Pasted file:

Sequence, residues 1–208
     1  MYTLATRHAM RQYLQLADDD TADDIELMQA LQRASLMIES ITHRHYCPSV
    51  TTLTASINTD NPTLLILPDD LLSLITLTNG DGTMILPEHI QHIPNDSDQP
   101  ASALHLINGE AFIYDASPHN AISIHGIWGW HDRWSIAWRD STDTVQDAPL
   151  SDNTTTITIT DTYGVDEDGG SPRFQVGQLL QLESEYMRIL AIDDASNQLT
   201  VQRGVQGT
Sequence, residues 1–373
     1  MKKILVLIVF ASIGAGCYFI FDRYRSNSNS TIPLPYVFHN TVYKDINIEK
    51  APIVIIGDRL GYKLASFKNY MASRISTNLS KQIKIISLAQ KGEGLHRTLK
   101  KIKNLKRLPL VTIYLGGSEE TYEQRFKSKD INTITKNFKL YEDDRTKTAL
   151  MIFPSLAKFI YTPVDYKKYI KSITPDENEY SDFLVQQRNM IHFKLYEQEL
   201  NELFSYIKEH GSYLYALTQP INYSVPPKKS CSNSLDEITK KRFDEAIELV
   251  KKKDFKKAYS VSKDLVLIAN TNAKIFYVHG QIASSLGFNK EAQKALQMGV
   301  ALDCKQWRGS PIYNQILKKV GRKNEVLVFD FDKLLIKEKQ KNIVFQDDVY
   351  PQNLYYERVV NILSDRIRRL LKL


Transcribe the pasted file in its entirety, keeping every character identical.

Sequence, residues 1–208
     1  MYTLATRHAM RQYLQLADDD TADDIELMQA LQRASLMIES ITHRHYCPSV
    51  TTLTASINTD NPTLLILPDD LLSLITLTNG DGTMILPEHI QHIPNDSDQP
   101  ASALHLINGE AFIYDASPHN AISIHGIWGW HDRWSIAWRD STDTVQDAPL
   151  SDNTTTITIT DTYGVDEDGG SPRFQVGQLL QLESEYMRIL AIDDASNQLT
   201  VQRGVQGT
Sequence, residues 1–373
     1  MKKILVLIVF ASIGAGCYFI FDRYRSNSNS TIPLPYVFHN TVYKDINIEK
    51  APIVIIGDRL GYKLASFKNY MASRISTNLS KQIKIISLAQ KGEGLHRTLK
   101  KIKNLKRLPL VTIYLGGSEE TYEQRFKSKD INTITKNFKL YEDDRTKTAL
   151  MIFPSLAKFI YTPVDYKKYI KSITPDENEY SDFLVQQRNM IHFKLYEQEL
   201  NELFSYIKEH GSYLYALTQP INYSVPPKKS CSNSLDEITK KRFDEAIELV
   251  KKKDFKKAYS VSKDLVLIAN TNAKIFYVHG QIASSLGFNK EAQKALQMGV
   301  ALDCKQWRGS PIYNQILKKV GRKNEVLVFD FDKLLIKEKQ KNIVFQDDVY
   351  PQNLYYERVV NILSDRIRRL LKL